# Can you interpret macro parameters as verbatim?

Basically I want to define a macro whose parameter should be treated as a "script", meaning that I want to print it in a verbatim way including line breaks and special characters. Furthermore, I want to use this parameter in a second way, namely as an input to create a qrcode (using the qrcode package). A very minimal example is the following:

\documentclass{article}
\usepackage{qrcode}

\newcommand{\script}[1]{
#1\qrcode{#1}
}

\begin{document}
\script{test}
\end{document}


When I do it like this, the parameter is obviously not interpreted as verbatim. Since I need the parameter at two different places (both interpreted in verbatim mode), I cannot use an environment either -- such as a listings environment -- since the body text cannot (directly) be used as parameter.

I played around with the environ package (see my earlier question: Is it possible to "scan" the text within an environment?) to capture the body text of an environment, but, again, didn't succeed to make it verbatim.

I also tried to work with \obeylines and \StrSubstitute, but it gets quite ugly really soon, and it didn't actually work well.

It looks rather easy, but I'm struggling with this for a long time now. Any suggestions?

• Do I understand correctly that in #1\qrcode{#1} the first #1 should be verbatim but the second one not? Or should both occurences be verbatim? – clemens Jul 25 '15 at 15:49
• No, both can (and should) be verbatim. – lukas.coenig Jul 25 '15 at 15:51
• But then \script{\#} and \qrcode{\#} will give different QR codes… (just to be sure) – clemens Jul 25 '15 at 15:55
• Hm, yeah, if you mean that \script{\#} should produce a qrcode of the two characters \ and #, while \qrcode{\#} would produce a qrcode of # (as far as I know). – lukas.coenig Jul 25 '15 at 16:06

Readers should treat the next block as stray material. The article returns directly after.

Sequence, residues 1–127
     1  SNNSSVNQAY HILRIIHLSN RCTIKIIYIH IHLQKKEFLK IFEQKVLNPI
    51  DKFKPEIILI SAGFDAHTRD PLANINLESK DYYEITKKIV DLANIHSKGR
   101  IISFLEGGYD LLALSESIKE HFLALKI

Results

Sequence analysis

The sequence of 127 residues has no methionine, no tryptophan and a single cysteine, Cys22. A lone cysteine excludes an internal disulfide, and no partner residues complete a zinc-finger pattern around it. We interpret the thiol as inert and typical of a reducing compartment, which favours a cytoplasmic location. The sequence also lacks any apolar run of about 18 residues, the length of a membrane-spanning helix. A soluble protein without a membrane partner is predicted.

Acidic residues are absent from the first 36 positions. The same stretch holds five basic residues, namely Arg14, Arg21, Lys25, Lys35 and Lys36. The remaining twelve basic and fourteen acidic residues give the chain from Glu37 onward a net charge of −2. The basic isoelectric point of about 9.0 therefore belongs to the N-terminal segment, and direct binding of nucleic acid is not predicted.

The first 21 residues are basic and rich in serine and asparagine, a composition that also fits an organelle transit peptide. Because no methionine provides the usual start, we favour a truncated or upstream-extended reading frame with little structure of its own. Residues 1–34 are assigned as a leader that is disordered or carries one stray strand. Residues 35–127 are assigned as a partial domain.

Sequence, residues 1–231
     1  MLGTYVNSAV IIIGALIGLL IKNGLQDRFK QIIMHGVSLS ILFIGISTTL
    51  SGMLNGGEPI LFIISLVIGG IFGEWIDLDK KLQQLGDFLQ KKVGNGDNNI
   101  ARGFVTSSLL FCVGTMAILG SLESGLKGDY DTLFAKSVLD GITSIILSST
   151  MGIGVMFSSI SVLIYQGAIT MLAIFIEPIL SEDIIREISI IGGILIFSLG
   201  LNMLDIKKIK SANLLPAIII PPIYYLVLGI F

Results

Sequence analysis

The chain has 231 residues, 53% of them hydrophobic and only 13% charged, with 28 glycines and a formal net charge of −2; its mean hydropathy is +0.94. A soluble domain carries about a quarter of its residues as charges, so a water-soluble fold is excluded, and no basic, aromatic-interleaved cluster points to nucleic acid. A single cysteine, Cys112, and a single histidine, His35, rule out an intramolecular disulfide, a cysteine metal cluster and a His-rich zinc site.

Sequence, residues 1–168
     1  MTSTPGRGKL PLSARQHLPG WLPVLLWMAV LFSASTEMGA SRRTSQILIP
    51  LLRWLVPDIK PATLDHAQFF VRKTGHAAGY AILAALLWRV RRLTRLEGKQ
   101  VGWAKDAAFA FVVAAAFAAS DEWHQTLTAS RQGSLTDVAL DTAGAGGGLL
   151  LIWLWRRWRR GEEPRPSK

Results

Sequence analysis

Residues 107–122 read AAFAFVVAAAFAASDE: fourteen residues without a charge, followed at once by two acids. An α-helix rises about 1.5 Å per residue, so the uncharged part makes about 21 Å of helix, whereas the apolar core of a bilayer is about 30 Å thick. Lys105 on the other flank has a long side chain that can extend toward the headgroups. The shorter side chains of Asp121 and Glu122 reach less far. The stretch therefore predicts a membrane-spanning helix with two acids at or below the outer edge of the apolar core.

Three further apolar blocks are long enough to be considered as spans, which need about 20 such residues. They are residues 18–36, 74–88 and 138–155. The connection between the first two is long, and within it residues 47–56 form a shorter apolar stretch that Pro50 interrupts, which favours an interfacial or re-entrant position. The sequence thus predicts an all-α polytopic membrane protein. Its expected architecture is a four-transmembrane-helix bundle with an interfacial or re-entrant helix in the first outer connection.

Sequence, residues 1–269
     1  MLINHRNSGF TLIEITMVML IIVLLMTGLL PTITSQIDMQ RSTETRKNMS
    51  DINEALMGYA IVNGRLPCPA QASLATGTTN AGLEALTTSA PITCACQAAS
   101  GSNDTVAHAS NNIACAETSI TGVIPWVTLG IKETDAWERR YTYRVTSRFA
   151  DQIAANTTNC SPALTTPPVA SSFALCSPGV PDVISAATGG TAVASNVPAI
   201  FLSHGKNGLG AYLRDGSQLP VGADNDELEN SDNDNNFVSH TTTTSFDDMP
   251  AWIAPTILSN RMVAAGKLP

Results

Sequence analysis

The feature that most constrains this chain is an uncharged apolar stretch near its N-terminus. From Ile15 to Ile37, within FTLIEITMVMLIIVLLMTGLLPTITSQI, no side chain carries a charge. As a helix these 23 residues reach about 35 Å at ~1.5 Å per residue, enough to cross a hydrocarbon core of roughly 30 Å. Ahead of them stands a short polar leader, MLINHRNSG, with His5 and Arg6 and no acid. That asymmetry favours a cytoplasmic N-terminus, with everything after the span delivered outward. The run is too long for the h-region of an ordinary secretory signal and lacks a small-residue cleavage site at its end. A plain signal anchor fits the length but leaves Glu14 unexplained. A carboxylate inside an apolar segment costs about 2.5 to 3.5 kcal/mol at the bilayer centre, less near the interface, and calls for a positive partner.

• Yes, that's what I mean. – clemens Jul 25 '15 at 16:07

I am not entirely sure that I understood what you want. However, your MWE can easily be achieved with xparse and its v type argument:

\documentclass{article}
\usepackage{qrcode,xparse}

\NewDocumentCommand{\script}{v}{%
\texttt{#1} \qrcode{#1}%
}

\begin{document}

\script{test} \script{&$\#$}

\end{document}


Keep in mind, though, that now since now the argument is read in verbatim in the first place \script{&$\#$} gives a different qrcode than using \qrcode{&$\#$} directly. If that is not what you want, then maybe

\NewDocumentCommand{\script}{v}{%
\texttt{#1} \scantokens{\qrcode{#1}\ignorespaces}\relax
}


would be a solution.

The output with the first version (qrcode of verbatim input):

The output with the second version (qrcode like in direct use of \qrcode):

Idea for an environment doing similar things using listings (and its writefile aspect) and catchfile – the idea is to write the contents of the environment to an external file and then use it to produce the qrcode:

\documentclass{article}
\usepackage{qrcode,listings,catchfile}

\makeatletter
\lst@RequireAspects{writefile}
\lstnewenvironment{script}[1][]
{%
\lstset{#1}%
\lst@BeginAlsoWriteFile{\jobname.script}%
}
{%
\lst@EndWriteFile
\CatchFileDef\script@tmp{\jobname.script}{}%
\expandafter\qrcode\expandafter{\script@tmp}%
}
\makeatother

\begin{document}

\begin{script}[basicstyle=\ttfamily,columns=fullflexible,gobble=2]
foo bar

baz
\end{script}

\qrcode{foo bar

baz
}

\end{document}

• I'm not saying that it's NOT easy, I'm just saying that I was not clever enough to do it so far... ;-) This minimal example certainly works - you did it exactly as I intended it. However, I'll have to try it in my big project to be sure. I thought to have solved it several times in the past, just to find out that my minimal example was too minimal after all... (I'll let you know if you like.) – lukas.coenig Jul 25 '15 at 16:13
• @lukas.coenig like with all macros who read their argument verbatim \script cannot be used inside of another macro – clemens Jul 25 '15 at 16:18
• Okay, one thing doesn't work: line breaks are not allowed. – lukas.coenig Jul 25 '15 at 16:18
• @lukas.coenig line breaks work with \NewDocumentCommand{\script}{+v}{...} (note the + in front of v). I also have some code with listings for an environment doing the same thing if you're interested. – clemens Jul 25 '15 at 23:06
• @lukas.coenig see edited answer – clemens Jul 26 '15 at 10:58